“Your child’s life will be filled with fresh experiences.
It’s good if yours is as well.”
—Dr. Margaret Rutherford
My husband, rather new to texting, sometimes sends strange messages. There was the time he tried to tell his son–via text messaging– that we would soon be arriving at his home. The text, however, came out something akin to “We will soon be driving moose in Aspen.” His son sent a lovely reply mostly wishing him luck with that.
Therefore, it was with pleasure that I began receiving my husband’s texts about the robin babies living above our front door.
“Were done to to,” came the first text.
“Hey,” I said to my daughter as we walked along a wooded path, “There are only two robin babies still in the nest. From four to two… I hope they were ready.”
My daughter smiled at the information but said nothing as we continued on our way. We were on our annual “chick weekend,” and I had gotten us slightly lost. Our destination was to be Wolf Creek Falls in Banning State Park, but I guess I should’ve taken a left at Albuquerque.* At any rate, we were on an adventure somewhere near the falls, and the views were lovely.
“It’s freaky how fast those babies grew,” I continued. “I can’t believe they are leaving the nest already. It seemed like a week ago they barely had feathers, let alone functioning wings.”
My daughter held my camera for me as I scrabbled over a couple of large trees that had fallen on the trail. “Sorry I missed the right pathway…” I said.
“Nah,” she said, “this is great. We’ll find the falls.”
My phone pinged with a text a short while later.
“OMG! Hairs 1 left.”
A few moments ticked away, and another ping. “Baby scared. Won’t leaf. Mom trying to encage.”
I updated my daughter. “Funny how that works. Mom robin is trying her best to lure the last baby from the nest with worms and encouragement, but the baby isn’t convinced it can fly.”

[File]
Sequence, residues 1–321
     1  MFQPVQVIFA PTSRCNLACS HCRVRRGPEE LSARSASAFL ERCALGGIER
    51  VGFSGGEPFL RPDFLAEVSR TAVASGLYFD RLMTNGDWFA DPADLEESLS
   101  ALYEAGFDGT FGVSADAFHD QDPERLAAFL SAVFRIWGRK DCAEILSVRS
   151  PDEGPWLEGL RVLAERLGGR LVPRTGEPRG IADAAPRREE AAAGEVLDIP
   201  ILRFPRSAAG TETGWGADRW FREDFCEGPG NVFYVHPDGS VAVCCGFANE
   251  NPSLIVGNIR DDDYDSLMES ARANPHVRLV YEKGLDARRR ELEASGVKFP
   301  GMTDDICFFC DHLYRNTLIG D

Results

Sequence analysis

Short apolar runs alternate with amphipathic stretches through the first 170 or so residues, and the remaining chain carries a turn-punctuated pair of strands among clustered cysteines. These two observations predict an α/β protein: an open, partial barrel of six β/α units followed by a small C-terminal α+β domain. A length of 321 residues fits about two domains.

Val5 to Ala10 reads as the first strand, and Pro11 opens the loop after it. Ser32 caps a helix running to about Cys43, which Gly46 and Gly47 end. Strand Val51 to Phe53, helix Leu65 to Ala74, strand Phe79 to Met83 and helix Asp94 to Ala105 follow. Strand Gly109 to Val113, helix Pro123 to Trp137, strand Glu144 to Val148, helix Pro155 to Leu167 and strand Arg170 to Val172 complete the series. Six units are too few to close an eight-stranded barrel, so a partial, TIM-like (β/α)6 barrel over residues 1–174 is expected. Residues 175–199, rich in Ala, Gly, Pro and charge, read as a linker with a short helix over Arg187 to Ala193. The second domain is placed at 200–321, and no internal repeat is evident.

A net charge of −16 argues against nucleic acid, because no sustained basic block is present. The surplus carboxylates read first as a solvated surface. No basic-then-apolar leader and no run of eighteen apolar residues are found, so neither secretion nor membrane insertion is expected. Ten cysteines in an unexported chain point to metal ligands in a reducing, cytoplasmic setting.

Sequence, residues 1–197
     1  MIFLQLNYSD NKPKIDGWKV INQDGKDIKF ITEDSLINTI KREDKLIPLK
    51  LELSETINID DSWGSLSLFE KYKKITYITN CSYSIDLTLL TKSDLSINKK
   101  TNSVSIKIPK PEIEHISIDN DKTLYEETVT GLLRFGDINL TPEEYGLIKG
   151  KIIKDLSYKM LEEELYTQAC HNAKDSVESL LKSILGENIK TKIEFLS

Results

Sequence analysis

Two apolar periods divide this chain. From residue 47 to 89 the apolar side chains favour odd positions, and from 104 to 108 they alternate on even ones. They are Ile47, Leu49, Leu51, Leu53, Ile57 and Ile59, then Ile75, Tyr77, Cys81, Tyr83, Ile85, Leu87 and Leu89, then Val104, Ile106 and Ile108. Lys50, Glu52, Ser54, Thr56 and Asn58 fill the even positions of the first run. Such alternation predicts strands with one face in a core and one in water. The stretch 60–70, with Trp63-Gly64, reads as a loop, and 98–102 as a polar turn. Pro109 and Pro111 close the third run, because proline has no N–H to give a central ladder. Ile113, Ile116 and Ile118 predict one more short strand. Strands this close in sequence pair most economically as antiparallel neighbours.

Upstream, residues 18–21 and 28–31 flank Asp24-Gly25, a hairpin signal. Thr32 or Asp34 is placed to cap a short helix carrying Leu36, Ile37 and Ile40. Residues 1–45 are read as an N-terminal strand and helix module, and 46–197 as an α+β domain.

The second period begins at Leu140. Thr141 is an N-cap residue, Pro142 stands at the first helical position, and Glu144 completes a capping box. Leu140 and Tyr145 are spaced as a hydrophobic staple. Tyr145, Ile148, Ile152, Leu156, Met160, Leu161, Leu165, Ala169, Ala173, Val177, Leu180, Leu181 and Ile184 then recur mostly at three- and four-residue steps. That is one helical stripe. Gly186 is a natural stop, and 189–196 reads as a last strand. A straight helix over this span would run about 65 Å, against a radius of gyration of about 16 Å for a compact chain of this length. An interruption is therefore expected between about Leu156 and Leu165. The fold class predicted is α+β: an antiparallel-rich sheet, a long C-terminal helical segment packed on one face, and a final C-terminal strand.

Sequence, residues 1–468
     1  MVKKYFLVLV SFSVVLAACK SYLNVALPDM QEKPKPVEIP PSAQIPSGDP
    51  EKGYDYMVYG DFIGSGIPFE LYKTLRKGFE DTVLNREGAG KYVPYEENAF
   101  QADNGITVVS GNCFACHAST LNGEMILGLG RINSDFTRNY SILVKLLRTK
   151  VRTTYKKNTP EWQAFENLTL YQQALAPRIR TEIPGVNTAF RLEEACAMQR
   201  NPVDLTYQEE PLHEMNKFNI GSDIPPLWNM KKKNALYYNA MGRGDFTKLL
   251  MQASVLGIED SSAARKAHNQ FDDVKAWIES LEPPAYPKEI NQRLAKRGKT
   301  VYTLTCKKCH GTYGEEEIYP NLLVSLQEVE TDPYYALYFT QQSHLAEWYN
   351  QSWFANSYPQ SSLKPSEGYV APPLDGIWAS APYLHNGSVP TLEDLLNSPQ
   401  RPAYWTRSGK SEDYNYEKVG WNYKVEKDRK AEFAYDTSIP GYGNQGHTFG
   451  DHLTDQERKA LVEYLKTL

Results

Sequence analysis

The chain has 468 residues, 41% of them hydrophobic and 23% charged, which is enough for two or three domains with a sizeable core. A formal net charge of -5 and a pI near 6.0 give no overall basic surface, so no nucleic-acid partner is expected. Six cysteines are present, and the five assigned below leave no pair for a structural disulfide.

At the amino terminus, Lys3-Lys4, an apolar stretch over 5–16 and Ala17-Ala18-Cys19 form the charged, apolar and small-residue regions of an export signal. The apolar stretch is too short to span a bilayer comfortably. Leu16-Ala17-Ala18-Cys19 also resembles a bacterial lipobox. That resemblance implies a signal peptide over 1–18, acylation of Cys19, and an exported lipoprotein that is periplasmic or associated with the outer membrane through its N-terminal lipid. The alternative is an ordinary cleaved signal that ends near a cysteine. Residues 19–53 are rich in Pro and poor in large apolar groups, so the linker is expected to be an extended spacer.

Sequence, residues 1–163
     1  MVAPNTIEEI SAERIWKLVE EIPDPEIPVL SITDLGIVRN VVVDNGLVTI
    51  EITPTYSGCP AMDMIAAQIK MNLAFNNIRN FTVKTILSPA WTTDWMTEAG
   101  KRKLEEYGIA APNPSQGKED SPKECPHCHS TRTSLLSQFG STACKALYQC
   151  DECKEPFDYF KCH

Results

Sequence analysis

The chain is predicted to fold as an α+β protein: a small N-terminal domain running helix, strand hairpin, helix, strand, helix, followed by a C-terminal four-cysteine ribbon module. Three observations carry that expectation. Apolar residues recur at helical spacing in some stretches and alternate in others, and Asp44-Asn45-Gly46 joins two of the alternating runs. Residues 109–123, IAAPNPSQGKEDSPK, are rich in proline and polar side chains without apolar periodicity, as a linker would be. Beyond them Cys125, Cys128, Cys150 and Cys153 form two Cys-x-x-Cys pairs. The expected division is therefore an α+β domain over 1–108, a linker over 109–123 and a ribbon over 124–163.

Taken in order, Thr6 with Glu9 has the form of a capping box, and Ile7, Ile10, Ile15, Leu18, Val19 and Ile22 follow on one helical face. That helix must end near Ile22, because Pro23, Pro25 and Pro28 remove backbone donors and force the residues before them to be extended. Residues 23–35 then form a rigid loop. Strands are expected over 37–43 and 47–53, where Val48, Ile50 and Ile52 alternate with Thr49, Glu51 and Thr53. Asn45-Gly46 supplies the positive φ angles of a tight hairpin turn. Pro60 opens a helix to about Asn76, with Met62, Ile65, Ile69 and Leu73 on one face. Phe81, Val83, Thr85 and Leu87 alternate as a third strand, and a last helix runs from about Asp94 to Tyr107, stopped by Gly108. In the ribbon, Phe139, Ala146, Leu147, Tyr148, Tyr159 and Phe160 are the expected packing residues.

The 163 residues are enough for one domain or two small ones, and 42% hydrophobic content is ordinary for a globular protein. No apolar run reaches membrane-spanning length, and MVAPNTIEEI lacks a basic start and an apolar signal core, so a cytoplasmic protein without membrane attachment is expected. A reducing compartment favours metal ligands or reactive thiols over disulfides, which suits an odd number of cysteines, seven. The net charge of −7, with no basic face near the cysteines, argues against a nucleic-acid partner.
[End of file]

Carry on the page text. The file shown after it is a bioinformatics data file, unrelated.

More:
Ping! “Baby out of next. Sitting on ledge. Mom near.”
My daughter and I still had not reached the falls. The trail sometimes hit a dead end, but no matter. We adjusted the route while chatting about where our lives were at, and where we wanted them to go. I told her how proud I was of her accomplishments, and she said she wished she had more of my creative nature. (She probably secretly wished I had a compass too.)
Ping! “Mom gutting nowhere. Baby still want try. Sitting in a pile of shit.”
I laughed. Fear is a powerful thing. Many of us have probably sat in our own piles of…stuff… until it became too unpleasant to stay. Some of us probably learned to accept the piles as safer than trying those darn wings. Some of us probably fear change most of all.
Ping. “Its gong! Its gong! Mom seems happy. She his free to!”
“The last baby has left the nest,” I said as the trail ended at Wolf Creek Falls.
My daughter watched as the river found its way over rocks, around downed trees, and past grassy clumps. No worries. No barriers. No end in sight. Nature doing its thing.
“It’s beautiful,” she said.
I’ve been an empty nester for many years. Observing the robin care for her eggs, and then the babies, and then the fledglings reminded me of how fast time goes. Baby robins fly about 13 days after they hatch. 13 days. A heartbeat. I could relate. Our chick weekend feels that way too.
“Ready to head back?” said my daughter.
She had learned to trust her wings long ago. In a matter of hours, she would be back with her husband, her career, her grown-up world, and I would return to mine.
It is right that she no longer needs me. I know I did my best to raise her to be this strong, this independent, this extraordinary. And as often as I screwed motherhood up, my son and daughter still turned out way better than I could have imagined. My empty nest is a badge of sorts. A bright, shiny, good badge.
The sun was dipping a bit as my daughter took the lead back to the car. Her path was more direct. It turns out my map-reading mistake helped her navigate the turns and twists with confidence.
*(Too many Bugs Bunny cartoons in my youth.)